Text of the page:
Christ my legs are in bits.
Oh sorry to be a bit of a moaning old shit-bag here. It’s just that I’ve been doing some heavy training today, the last before I undertake a supremely foolhardy challenge next weekend. Yes yours truly is going to be running the Reykjavik Marathon! Don’t laugh you fuckers! It’s true. It’s way too long and pointless to really go into the whys and hows of the whole thing, but a drunken brag before Christmas last year meant that I’ve been pummeling the pavements and footpaths all over Reykjavik these past 7 months. I hate it. I hate this world and i hate running. Perhaps a tidal wave will hit Reykjavik this week so i can get out of it. Probably not.
But with this in mind i have to get back onto more pressing matters. Matters such as the latest instalment of our curates egg known as the SUNDAY CULT FILM CORNER!!!!!! (snarl..)
And because I’ve sent the beginning of this blog post moaning about running and stuff, I have a pretty timely and appropriate entry for this weeks episode. A film about freedom, rebellion, class struggle and the redemptive qualities of running. Ladies and Gentlemen, i give you THE LONELINESS OF THE LONG DISTANCE RUNNER.
Directed in 1962 by Tony Richardson, it stars Tom Courtenay as Colin Smith. After being sent to a Borstal for robbing a bakery, Colin catches the eye of the strict governor for his abilities as a long distance runner. As his talents gain favouritism with the governor and jealousy with his fellow prisoners, Colin comes under pressure to win a cross-country race against a private school. the win would be a PR coup for the Borstal and Governor’s regime with the prisoners. Colin must decide whether to play ball and possibly gain early release of be true to his conviction and be his own man. As the film progresses, we’re told through flashback about Colin’s life and how he came to be arrested in the first place.
TLOTLDR is a one of the best examples of the “British New Wave” films that came out in the late ’50s/ Early ’60s, such as “Look Back In Anger”, “Saturday Night And Sunday Morning” and “This sporting Life”, which has the archetype “Angry Young Man” at the centre of it all. These films are not shy in showing just how shit and grey life was really like at the bottom rungs of the social ladder for young men at that time. They were yearning to break the shackles that were placed on them by their parents, peers and society at large at the time. And TLOTLDR is no exception. With a terminally sick father and an uncaring mother, Colin sees little future for him.apart from getting a job at the same place that has made his father sick. He’s certainly a guy that pissed off with the world and he wants to rebel against it any way he can.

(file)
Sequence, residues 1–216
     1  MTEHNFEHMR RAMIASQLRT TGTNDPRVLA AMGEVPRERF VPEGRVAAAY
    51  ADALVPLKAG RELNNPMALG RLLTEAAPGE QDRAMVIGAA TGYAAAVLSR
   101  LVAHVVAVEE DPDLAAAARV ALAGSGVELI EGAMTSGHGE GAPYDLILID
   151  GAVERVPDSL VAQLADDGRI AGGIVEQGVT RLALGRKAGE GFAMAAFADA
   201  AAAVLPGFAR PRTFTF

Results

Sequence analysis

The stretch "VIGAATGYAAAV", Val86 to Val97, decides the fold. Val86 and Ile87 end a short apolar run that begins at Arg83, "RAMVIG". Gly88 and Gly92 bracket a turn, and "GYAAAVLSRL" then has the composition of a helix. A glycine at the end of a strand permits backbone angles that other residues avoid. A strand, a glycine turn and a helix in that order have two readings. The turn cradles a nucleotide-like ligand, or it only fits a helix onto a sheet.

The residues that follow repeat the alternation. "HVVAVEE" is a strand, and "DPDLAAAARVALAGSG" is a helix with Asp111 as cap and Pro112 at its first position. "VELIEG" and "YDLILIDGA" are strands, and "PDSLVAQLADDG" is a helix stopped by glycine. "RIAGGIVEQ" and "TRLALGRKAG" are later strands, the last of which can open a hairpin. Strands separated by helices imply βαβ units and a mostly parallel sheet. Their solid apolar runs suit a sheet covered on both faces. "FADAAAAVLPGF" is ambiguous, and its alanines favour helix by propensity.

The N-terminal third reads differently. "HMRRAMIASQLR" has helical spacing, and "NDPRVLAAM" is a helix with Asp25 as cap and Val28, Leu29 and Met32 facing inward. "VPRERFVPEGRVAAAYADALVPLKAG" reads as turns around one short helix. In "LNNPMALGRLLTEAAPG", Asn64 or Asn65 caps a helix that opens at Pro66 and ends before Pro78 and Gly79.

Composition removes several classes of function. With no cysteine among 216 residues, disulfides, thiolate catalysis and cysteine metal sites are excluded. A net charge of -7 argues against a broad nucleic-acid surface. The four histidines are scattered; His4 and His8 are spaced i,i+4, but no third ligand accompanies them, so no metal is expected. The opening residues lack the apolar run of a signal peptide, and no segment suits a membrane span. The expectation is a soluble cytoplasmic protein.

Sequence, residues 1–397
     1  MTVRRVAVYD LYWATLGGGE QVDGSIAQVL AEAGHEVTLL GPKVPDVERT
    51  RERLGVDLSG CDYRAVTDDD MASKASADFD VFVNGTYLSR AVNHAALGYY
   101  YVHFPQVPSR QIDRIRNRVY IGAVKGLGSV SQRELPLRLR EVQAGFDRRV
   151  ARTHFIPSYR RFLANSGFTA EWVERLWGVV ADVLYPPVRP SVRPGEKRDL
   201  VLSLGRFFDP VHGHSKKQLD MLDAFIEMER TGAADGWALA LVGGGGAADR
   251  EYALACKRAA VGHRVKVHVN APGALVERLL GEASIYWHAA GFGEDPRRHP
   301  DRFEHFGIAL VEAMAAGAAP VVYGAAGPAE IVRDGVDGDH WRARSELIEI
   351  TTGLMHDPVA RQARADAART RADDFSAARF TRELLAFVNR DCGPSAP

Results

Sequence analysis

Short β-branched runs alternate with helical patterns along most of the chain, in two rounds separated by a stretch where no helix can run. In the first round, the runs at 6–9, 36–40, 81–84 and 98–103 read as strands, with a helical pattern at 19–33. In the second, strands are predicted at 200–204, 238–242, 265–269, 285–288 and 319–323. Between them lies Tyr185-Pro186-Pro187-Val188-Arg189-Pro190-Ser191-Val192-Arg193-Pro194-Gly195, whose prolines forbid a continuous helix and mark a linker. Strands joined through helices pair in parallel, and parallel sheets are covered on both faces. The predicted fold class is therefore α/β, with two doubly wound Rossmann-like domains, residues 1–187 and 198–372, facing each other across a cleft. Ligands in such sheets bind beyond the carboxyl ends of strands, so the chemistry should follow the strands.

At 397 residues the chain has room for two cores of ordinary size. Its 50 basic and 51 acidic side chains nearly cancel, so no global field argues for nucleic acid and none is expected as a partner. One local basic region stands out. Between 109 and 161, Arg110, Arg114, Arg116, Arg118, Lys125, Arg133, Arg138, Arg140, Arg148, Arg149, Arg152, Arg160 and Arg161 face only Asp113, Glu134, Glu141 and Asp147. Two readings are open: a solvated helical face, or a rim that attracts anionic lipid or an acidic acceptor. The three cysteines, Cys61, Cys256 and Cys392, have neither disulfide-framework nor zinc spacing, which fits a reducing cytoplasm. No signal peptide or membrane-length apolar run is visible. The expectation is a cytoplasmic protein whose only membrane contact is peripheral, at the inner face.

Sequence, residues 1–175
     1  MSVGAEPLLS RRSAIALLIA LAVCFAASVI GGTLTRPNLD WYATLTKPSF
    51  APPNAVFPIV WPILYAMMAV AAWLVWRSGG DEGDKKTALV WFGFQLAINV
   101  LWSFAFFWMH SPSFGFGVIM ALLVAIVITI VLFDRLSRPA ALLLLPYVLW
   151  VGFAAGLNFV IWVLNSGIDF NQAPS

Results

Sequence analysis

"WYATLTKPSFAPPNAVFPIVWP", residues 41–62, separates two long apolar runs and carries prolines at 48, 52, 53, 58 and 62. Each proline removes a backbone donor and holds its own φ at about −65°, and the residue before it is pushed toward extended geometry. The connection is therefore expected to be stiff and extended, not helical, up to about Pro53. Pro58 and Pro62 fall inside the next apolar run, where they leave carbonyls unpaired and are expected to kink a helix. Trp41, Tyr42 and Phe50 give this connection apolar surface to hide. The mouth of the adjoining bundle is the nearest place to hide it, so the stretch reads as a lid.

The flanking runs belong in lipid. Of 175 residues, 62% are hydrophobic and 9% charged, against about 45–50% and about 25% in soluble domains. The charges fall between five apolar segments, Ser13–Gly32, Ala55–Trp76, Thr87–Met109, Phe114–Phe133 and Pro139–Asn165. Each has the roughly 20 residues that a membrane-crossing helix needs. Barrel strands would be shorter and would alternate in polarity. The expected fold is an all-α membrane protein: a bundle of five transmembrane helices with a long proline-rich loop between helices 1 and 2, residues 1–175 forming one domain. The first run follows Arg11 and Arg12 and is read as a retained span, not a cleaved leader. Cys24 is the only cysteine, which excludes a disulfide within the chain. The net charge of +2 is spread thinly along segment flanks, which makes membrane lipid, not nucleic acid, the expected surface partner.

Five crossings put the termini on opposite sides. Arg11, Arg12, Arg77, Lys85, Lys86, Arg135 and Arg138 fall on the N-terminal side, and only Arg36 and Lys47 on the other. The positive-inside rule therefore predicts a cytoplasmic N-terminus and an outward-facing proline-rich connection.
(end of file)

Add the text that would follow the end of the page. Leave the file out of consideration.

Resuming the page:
The film itself is like many others in it´s canon. Forward thinking in it´s cinematography (it uses a lot of roaming outdoor shots and fast cutting scenes) and taut in it’s direction, for a film about rebellious youth, it’s not as black and white as it seems to be. Colin is certainly rebellious, but almost to the point of pig headedness, at times failing to see the bigger picture about what could be best for him. Meanwhile the governor is not a stereotypical prison warder. He is measured and rational, a man who merely just wants the borstal to win. In this the performances of Courtenay and Michael Redgrave (as the governor) are nothing short of brilliant.
So instead of watching that shit excuse for a closing ceremony, get a pint of warm bitter, some pork scratchings and watch some REAL Britishness, got that?….